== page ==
It would be most likely in these given situations that the customer would have their own I/O breakout and transport options, and would be looking merely for the backstop end of the chain to be rock solid, stable, reliable and well clocked.
RME have that side of the market sown up and have done for the best part of 8 years. In particular they were the first to market with OEM PCI MADI cards, at a time when only Euphonix, Fairlight and to a lesser extent Lawo and Harrison were offering such things, and all three of the latter only as part of on- or off-line DSP packages, not for individual I/O use.
In this day an age of expanded comupting rigs, particularly with the adoption of slave machines for outboard DSP processing or sample generation and playback, both the high I/O MADI cards and the lower I/O 9652s and the like have their place. Again, RME were quickest off the bat with PCI-X and again with PCIe, which has kept the pro market very happy indeed.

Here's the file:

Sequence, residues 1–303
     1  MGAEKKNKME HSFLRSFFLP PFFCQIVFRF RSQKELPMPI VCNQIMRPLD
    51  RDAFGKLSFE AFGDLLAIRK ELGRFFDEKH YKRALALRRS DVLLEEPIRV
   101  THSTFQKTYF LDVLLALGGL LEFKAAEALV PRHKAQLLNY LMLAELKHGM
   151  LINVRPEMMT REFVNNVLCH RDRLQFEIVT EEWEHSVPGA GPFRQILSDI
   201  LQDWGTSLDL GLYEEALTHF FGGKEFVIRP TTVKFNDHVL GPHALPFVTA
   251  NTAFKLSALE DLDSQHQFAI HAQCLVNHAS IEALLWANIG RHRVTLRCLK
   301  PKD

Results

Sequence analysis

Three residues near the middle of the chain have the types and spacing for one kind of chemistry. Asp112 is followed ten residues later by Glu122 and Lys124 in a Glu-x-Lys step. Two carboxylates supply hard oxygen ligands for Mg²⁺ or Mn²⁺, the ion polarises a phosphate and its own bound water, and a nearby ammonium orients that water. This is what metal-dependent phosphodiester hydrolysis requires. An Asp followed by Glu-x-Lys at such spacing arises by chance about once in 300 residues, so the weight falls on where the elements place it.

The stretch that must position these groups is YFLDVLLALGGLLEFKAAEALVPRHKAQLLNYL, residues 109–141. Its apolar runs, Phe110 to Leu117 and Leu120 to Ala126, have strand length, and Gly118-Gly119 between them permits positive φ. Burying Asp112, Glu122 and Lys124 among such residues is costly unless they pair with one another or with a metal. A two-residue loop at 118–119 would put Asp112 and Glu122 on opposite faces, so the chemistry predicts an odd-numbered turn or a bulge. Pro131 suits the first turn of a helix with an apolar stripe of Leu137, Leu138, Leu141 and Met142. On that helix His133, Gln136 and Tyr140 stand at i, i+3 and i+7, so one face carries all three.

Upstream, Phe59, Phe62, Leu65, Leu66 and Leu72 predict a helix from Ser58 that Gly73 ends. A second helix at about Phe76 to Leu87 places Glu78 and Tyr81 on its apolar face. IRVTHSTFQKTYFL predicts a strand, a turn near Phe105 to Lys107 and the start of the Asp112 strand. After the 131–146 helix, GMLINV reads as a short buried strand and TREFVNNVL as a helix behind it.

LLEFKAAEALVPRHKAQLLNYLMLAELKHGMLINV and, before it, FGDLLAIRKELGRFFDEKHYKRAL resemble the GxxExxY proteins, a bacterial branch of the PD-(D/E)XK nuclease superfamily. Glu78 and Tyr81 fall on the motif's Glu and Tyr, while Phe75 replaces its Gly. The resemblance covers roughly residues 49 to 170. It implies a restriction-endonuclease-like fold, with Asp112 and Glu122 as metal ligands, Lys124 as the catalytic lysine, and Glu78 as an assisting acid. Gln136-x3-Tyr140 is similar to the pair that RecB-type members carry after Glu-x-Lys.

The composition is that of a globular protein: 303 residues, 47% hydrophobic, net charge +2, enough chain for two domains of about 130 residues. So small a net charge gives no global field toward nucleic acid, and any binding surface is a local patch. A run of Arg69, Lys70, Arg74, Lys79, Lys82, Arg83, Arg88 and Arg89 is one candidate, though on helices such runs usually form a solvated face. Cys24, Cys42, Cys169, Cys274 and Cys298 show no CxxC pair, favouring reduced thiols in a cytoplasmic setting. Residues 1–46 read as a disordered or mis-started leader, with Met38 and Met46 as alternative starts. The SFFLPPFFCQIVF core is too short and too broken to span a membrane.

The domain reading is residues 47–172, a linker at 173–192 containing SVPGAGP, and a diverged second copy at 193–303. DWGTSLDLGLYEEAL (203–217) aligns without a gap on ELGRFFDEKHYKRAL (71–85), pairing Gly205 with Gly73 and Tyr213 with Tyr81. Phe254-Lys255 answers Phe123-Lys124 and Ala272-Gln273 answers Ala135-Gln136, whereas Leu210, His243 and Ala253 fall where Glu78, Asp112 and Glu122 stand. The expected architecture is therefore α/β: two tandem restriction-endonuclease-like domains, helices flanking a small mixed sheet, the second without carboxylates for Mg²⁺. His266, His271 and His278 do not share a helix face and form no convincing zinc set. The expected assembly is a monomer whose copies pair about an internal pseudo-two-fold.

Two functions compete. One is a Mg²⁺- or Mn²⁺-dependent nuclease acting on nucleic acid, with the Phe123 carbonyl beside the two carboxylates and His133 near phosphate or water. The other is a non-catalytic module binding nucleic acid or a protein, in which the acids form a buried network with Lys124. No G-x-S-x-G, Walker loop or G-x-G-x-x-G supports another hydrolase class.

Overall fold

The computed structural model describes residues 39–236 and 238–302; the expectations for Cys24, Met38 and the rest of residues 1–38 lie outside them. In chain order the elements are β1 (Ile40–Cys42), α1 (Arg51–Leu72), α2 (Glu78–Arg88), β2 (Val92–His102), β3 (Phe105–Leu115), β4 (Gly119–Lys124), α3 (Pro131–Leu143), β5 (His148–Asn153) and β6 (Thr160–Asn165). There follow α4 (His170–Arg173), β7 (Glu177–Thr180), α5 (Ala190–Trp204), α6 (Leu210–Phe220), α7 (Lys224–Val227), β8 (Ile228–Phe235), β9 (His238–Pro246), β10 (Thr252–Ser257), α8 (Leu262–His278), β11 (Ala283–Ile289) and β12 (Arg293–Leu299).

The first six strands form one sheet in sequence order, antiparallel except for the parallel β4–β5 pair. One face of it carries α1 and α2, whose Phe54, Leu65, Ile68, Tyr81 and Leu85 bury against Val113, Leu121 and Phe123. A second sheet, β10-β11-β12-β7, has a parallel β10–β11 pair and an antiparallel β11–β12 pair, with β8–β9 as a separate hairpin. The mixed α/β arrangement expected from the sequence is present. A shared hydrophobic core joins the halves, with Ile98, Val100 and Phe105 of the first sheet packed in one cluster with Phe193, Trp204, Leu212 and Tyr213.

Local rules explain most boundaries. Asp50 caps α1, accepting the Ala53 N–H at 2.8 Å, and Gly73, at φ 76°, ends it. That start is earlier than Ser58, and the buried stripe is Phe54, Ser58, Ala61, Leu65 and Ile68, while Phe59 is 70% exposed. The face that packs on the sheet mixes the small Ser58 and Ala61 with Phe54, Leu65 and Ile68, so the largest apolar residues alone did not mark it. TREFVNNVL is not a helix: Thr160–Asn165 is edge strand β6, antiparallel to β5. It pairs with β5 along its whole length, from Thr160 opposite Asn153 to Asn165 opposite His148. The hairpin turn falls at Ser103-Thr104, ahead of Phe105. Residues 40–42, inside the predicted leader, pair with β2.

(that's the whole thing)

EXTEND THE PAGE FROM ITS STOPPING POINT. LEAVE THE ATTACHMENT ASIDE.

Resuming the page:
As for the options cards, they're there for situations where the customer would like to tailor a specific machine quickly and easily if for example they need a quick 6 or 8 out of an OB rig for surround monitoring offline or backup, and the clocking cards for those that are using poorly clocked sources and need reference to an OB, House or Vid clock hard wired and cannot simply resort to RME's own SyncAlign.
For my part I've been using RME gear for seven years now, and I am still running two of the cards I bought right back on day one - still being updated in firmware and drivers, still operating without fault.
You get what you pay for.... and if you don't need their features, then don't buy them.
Ars longa, vita brevis, occasio praeceps, experimentum periculosum, iudicium difficile.